Luckily, we're then onto "Remember The Time" - again, another one that could've been written for Bobby Brown, MJ manages to make it sound like him. A smooth number which doesn't drown under the NJS influence as much as the last song, it's a great song. The video was especially elaborate, as mentioned. It used to make me laugh how it was set in ancient Egypt yet had lyric "We stayed on the phone from night until dawn"...the ancient Egyptians weren't THAT advanced! Still, it's another great song on the album. We're not doing too badly up to now.
The next two songs are unfortunaltely a bit forgettable. "Can't Let Her Get Away" which again is buried under the NJS sound. And "Heal The World" which is one of the aforementioned schmaltzy ballads. Well, it's more like another example of MJ's 'Messiah Complex' which started with "Man In The Mirror" and ultimately comulated with "Earth Song". Sure, there are some nice vocal harmonies in the latter but ultimately, it isn't too good.
"Black Or White" is up next - and it's a cracking song. The intro for the video (The bit where Macauley Culkin is getting told off by George Wendt - Norm Peterson in "Cheers" - for playing his music too loud) - and the album - has a guitar performance by Slash who was in Guns 'n' Roses at the time. Dealing with the subject of race, it's basically saying we're alright regardless of our colour. The video was a Benetton ad with a huge budget and caused a kick-off due to the unedited version which had MJ go mental and trash a car as well as put a few windows out. Sketch show In Living Color did a class set-up of it! Musically, it's a mixture of funk and pop. See, it's about this part of the album where the NJS influences are starting to get a bit thin so to hear this song is a relief. "Who Is It" is up next - and it's another good one. MJ is lamenting a break-up amid what sounds like some decent pop music with a class bassline. The lead into the chorus reminds me of "Billie Jean". As mentioned, it's another great song.
Another great song is up next - "Give In To Me". Once again dealing with the subject of sex, it veers into hard rock territory thanks to another performance by Slash. It's basically MJ demanding some. In some ways, it's perhaps the closest MJ has got to hard rock - even more so than "Dirty Diana". This song as mentioned, deals witht eh subject of sex and has a dark undercurrent. It's like MJ has had enough of pop fluff and is trying to be a grown-up or something. Definately one of the best on this album. But then...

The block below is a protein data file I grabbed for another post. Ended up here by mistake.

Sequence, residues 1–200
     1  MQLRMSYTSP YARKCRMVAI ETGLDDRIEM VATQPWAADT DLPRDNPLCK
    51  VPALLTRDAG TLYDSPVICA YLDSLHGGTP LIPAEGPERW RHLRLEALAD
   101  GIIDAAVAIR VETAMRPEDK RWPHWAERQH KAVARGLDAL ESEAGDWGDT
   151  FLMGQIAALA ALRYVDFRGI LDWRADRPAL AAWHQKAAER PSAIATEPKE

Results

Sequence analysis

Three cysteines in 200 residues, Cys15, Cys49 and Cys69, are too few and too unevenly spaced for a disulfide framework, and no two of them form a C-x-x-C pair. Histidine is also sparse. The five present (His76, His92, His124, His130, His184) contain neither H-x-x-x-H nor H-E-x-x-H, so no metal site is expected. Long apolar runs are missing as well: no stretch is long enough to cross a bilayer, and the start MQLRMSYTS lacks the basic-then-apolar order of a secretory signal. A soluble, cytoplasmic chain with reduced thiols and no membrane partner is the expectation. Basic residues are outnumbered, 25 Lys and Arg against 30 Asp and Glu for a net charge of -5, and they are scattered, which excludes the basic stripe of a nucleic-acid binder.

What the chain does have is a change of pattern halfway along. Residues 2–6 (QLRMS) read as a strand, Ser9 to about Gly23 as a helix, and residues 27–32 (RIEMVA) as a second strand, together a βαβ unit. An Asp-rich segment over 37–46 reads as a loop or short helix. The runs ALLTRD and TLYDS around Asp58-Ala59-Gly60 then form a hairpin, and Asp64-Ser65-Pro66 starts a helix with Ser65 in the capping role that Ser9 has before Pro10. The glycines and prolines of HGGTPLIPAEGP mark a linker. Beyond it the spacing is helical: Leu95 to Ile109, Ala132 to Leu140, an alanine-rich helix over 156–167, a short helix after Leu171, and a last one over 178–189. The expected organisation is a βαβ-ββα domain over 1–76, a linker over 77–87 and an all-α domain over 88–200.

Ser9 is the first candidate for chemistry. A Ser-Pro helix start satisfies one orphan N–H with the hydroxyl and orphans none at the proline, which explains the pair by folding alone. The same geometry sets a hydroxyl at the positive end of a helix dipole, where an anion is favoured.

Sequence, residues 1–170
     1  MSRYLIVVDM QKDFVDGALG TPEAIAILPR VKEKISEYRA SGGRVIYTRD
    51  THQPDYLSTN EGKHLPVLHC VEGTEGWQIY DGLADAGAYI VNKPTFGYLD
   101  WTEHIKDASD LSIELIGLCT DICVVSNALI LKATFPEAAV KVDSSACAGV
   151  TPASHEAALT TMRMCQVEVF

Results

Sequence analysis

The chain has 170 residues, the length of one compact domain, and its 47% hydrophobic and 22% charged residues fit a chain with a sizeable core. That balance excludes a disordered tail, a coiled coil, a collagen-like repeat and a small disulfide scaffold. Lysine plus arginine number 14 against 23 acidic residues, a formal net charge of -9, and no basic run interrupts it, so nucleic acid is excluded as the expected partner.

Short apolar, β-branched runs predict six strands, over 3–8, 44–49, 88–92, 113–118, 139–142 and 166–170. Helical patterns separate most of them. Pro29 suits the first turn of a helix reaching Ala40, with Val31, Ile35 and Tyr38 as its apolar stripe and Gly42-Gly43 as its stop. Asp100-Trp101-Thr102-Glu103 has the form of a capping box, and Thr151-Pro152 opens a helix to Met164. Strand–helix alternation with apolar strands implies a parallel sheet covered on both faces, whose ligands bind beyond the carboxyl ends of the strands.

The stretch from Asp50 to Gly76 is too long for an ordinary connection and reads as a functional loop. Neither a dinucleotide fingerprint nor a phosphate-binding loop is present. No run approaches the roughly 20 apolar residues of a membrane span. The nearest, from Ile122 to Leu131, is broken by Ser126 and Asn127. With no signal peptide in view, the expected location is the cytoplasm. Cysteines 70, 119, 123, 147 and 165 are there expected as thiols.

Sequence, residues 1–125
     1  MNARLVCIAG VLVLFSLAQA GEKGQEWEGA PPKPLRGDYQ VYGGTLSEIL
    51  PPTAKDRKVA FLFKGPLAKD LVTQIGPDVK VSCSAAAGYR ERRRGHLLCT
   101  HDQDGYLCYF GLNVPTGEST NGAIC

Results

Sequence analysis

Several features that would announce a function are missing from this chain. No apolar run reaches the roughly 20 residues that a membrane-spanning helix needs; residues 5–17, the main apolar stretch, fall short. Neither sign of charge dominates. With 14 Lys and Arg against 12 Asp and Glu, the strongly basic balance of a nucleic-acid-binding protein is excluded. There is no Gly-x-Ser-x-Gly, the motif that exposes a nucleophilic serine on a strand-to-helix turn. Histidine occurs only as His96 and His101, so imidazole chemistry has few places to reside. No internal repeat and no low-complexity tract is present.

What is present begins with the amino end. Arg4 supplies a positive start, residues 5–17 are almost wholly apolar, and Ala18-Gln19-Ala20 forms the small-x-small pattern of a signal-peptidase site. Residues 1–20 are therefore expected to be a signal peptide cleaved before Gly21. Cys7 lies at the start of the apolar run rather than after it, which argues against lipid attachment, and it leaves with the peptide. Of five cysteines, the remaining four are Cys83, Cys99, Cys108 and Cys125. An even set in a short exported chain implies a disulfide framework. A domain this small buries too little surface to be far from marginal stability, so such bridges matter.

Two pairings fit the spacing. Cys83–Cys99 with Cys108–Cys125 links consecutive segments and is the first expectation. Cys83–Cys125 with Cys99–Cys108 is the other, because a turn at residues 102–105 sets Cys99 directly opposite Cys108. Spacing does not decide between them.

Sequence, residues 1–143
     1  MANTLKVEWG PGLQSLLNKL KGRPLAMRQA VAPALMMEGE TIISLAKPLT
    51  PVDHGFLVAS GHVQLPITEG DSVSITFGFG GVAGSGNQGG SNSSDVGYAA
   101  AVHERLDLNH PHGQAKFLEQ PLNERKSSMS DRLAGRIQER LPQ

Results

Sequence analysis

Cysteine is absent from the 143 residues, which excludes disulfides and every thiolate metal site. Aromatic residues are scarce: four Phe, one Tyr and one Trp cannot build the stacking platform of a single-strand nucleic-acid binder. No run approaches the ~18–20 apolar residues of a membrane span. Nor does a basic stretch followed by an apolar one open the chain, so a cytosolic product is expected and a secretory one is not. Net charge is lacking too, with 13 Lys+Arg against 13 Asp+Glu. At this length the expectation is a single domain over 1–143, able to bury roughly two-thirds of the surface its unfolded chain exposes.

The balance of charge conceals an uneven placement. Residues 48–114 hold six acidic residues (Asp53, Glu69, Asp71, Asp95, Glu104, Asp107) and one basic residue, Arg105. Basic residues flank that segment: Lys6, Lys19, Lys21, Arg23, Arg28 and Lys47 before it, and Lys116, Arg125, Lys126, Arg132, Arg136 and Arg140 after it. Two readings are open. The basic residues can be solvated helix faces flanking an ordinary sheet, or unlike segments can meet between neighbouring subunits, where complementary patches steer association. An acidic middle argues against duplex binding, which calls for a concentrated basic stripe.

Holy Hell, we're back into schmaltz territory! "Will You Be There" (used in the movie "Free Willy", apparently) is actually quite good, admittedly. A nice, relaxing drum pattern amid some gospel choir vocals plus a few nice key changes. It's a bloody contrast to the last song! "Keep The Faith" follows next and sounds very much like a turn-of-the-decade ballad with some...'interesting' drum effects. Seriously, it sounds like two songs at once. "Gone Too Soon" slows things down even further! Fuck me, pass the valium, we're partying now! It's not quite as slow as "She's Out Of My Life", but nor is it as good. It seems a bit odd having three slow songs in a row, luckily it's at the end of the album otherwise it would have killed the overall flow.
The title track "Dangerous" brings the album to a close. It marks a welcome return to the NJS sound - seems MJ knew they were going overboard with that at the start of the album so decided to break things up a bit. As an album closer, it feels kind of an anti-climax but it's an alright song.
So, there you have it. MJ's first musical output of the 90's. It's a confusing album as it seems that although there is an attempt to mature his sound somewhat, the filler that brings the album down is superseeded by the songs which are otherwise excellent. The main problem is the album is too long. As with "Bad", there are about eight decent songs and if the album had have had those songs instead of the filler, it would have been an excellent album. Not that this album is as good as "Bad" but it's still a decent slice of MJ when he was making great music. I always thought that after this album, his music wasn't as good bar the odd one or two songs. I'm giving this album the rating of 7 due to the strength of the decent material. It does just enough to save the album from a lower score.
7 - This is good and well worth a check.
Top track: Give In To Me.
Now I tried the Spotify for this album and other than the' Free Willy' song, it didn't seem to work. Hope you have more luck.
The album is available on iTunes as well.
(Can you get any more 90's than the above photo?)
*With apologies to Rob Reiner.